Who is Celeste Ng? About the Bestselling Author Who Brings Diversity to Literary Ohio

By Allison Bolam, History Collections Intern

2020 marked the 100th anniversary of the 19th Amendment, which granted many women the right to vote. Passage of the 19th Amendment has enabled women to pursue higher education, enter new professional fields, and influence politics, and women have continued to advocate for issues that affect their families, their communities, and the nation. As part of our continuing commemoration of the 100th anniversary of the 19th Amendment, the Ohio History Connection is sharing stories of amazing Ohio women, past and present

Celeste Ng (pronounced “-ing”) is an American best-selling author of fiction whose works often explore themes of race and family relationships. She was born in 1980 in Pittsburgh, Pennsylvania. Her parents were both scientists and immigrants from Hong Kong who had come to the United States for graduate school.(1) They moved around before eventually settling in Shaker Heights, OH in 1990.(2) Her father was offered a job at a NASA research center, and the Ng family chose Shaker Heights because it was fairly racially integrated, progressive, and had an excellent public school system.(3) Celeste Ng lived in Shaker Heights from 1990 until she graduated from Shaker Heights High School in 1998.(4)

Ng’s interests in both creative writing and issues of race were already apparent even when she was a teen. At Shaker Heights High, Ng participated in the student organization SGORR (the Student Group on Race Relations), which visited local elementary schools to talk about discrimination and stereotyping. Even in high school, Ng was interested in creative writing. She co-edited her school’s literary magazine, Semanteme and took creative writing and playwriting courses. However, Ng only imagined herself writing “on the side” until later in life. She said in an interview that it was not until well after graduate school that she considered writing professionally. (5)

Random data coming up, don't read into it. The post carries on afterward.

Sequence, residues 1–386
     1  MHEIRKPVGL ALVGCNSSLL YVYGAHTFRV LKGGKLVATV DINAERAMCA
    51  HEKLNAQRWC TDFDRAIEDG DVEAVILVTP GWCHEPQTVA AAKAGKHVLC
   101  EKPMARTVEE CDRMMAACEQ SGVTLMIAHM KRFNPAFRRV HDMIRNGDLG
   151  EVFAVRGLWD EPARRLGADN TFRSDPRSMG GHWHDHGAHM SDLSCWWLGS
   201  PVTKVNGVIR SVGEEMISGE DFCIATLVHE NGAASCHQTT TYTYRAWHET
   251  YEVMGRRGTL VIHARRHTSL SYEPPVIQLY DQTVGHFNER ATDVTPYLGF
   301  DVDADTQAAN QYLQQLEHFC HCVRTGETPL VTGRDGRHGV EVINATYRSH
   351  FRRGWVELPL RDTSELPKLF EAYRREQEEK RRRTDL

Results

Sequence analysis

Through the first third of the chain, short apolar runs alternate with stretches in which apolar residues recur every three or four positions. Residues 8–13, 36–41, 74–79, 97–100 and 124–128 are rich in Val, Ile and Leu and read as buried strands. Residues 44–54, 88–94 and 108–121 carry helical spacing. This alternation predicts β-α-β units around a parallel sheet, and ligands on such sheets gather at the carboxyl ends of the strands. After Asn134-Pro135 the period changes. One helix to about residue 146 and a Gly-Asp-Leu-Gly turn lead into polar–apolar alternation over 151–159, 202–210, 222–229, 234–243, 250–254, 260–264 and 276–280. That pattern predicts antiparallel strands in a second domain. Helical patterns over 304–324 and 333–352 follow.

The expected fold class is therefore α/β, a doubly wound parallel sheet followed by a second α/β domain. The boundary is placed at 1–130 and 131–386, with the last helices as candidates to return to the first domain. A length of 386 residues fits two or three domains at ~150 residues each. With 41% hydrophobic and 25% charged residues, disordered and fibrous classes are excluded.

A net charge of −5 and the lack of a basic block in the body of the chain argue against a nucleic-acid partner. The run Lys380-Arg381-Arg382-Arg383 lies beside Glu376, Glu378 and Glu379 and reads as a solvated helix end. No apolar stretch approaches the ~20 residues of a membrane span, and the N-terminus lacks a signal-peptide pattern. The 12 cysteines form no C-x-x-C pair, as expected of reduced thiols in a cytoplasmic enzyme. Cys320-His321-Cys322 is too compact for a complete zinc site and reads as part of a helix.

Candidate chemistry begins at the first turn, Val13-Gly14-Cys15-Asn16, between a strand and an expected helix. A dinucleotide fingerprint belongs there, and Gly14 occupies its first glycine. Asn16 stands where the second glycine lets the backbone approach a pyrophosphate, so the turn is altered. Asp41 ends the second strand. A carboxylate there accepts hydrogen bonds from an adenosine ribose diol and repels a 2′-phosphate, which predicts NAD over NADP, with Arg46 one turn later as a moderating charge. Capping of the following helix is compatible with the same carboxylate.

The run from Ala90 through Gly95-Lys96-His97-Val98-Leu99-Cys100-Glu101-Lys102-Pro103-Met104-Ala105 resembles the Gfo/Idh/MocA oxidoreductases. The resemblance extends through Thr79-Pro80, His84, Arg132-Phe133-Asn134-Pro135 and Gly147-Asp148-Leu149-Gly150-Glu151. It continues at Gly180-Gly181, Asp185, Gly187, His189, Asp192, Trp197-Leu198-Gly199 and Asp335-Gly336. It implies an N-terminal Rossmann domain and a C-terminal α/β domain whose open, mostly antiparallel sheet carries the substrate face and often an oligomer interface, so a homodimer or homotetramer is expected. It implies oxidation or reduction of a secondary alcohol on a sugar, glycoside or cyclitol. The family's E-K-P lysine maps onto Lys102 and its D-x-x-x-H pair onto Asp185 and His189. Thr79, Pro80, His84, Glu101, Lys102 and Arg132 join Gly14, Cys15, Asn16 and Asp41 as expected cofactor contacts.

Celeste Ng at the 2018 National Book Festival.

After high school, Ng attended Harvard University in Boston, Massachusetts, for her bachelor’s degree. She later went to the University of Michigan in Ann Arbor, Michigan for her Master of Fine Arts (MFA) in writing.(6) Ng had already been writing short stories for years when she published her first novel in 2014. Her debut novel, Everything I Never Told You (2014), quickly became a success. The New York Times named the book its Notable Book of 2014, and it is a New York Times bestseller.(7) The novel explores racism in a fictional Ohio town and centers around a family in crisis.(8) Along with several awards which the book has received, it is also being produced as a television series.(9)